How do I begin to describe what can only be called an epic horror story, a 1,300-page tome about a demon (or something; we’re never really quite sure) who lives beneath the sewers in the Stephen-King-mainstay town of Derry, Maine, preying on children in the guise of Pennywise the Clown (who is a lot scarier in print than as depicted by Tim Curry in the 1990 miniseries based on the novel). “It” works in cycles, hibernating for approximately 25 years before waking up to instigate a new bout of murder and mayhem. “It”‘s the biggest bad seed in Derry, no question, but it’s abetted by the ineffable, just-under-the-surface malignancy of the town itself. In fact, “It”‘s emergences seem to be correlated with, if not piqued by, incidents throughout Derry’s history that illustrate just how off the place is: arson at a black nightclub; a Bonnie-and-Clyde-esque gangster takedown by vigilante townspeople; a deranged, vengeful woodsman’s hacking people to death in a barroom; or the brutal beating of a gay man by three local teenagers who throw their victim off a bridge (under which he is promptly killed by Pennywise).
I have to say that there is absolutely no conceivable reason this book needed to be 1,300 pages long—but there’s also no denying that Stephen King can really tell a story. It (published in 1987) begins in 1957, when a just-roused Pennywise, skulking in a drain during a heavy rainstorm, kills six-year-old George Denbrough by pulling his arm out of its socket. The scene is brutal, and this senseless killing of an Innocent (you really don’t get more innocent than a sweet six-year-old sailing a boat made out of newspaper down a gutter, after all) serves as the benchmark against which “It”‘s evil is always measured. “It” succeeds in murdering others throughout the novel, of course, but they’re mostly either ciphers or thoroughly Bad Kids who kill animals and torture humans. (The character rubric isn’t complex, though King does provide villains like the town bully, Henry Bowers, with enough of a backstory that you can, if not sympathize with him, at least conjure some understanding.)
“It”‘s Kryptonite comes in the form of seven best friends, who start out as base adolescent stereotypes—the fat one; the sickly one; the guy who’s ostracized because he’s black; the guy who’s ostracized because he’s Jewish; the tomboy; the cutup; and the Moral Center—and grow into successful, albeit damaged, adults. In 1958, after a very Stand By Me-ish summer battling both real and supernatural demons, the kids make a blood pact promising to return to Derry and kill “It” once and for all should “It” ever resurface. Twenty-six years later, in 1984, Mike Hanlon (the black one) calls his former friends and tells them the worst has happened. As if pulled by a force beyond their control, each gets on a plane and hightails it back to Derry for what will surely be the Final Encounter with Ultimate Evil.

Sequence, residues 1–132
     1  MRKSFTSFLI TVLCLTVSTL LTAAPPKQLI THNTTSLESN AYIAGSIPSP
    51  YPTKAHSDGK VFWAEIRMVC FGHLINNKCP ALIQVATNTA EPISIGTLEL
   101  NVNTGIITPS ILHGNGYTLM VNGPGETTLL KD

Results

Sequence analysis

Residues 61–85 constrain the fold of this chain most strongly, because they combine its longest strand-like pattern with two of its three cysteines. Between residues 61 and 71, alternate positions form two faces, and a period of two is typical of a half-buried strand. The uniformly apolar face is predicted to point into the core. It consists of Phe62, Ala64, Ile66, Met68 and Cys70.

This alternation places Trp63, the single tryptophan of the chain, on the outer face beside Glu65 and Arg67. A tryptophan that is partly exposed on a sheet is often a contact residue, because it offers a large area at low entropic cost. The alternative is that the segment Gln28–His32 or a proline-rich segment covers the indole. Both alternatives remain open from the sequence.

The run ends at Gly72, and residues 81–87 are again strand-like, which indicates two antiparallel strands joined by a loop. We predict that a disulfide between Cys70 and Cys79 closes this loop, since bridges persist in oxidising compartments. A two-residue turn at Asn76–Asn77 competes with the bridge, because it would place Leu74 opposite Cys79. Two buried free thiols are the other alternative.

It is, in fact, very engaging and genuinely scary, and the pure, honest friendships between the core six (there’s one peripheral member of the crew who doesn’t show up for the reckoning) is what really holds the story together. The novel, in short, is absolutely classic Stephen King—I liked it more than Carrie and The Shining, about the same as Misery and The Dead Zone, and less than Different Seasons and The Green Mile. Also, if you enjoy the Stephen King Parlor Game (charting one book’s references to the others in his canon), there’s lots of fodder in It. I was, in fact, inspired to detour back to the author’s old-school work thanks to 11/22/63, his recent alternative-history semi-thriller, part of which is set in Derry. That book’s protagonist, Jake Epping, discovers a wormhole that lets him travel seamlessly from 2011 to September 1958 and, upon arriving in Derry to stop a gruesome murder, he stumbles upon two of the It kids, Beverly Marsh and Richie Tozier, just a month or so after they believe they’ve gotten rid of the monster. Despite all they’ve witnessed the past summer, the kids still don’t believe that Frank Dunning, the would-be killer, is capable of committing the crime. This kind of childlike purity is lionized in both 11/22/63 and It. King is careful not to idealize the “good old days” in either novel (the whole idyllic image of “the fifties” was of course perpetrated by the only demographic group it ever benefited—white men), but he’s very attached to nostalgia. Some of it is eye-rollingly saccharine, but King’s eye for detail and zeitgeist sensibilities (not to mention his superlative ability to spin a good yarn) elevates It above mere horror schlock. I’d never call him one of the great American novelists, but there’s no denying he’s got what the French call a certain…I don’t know what.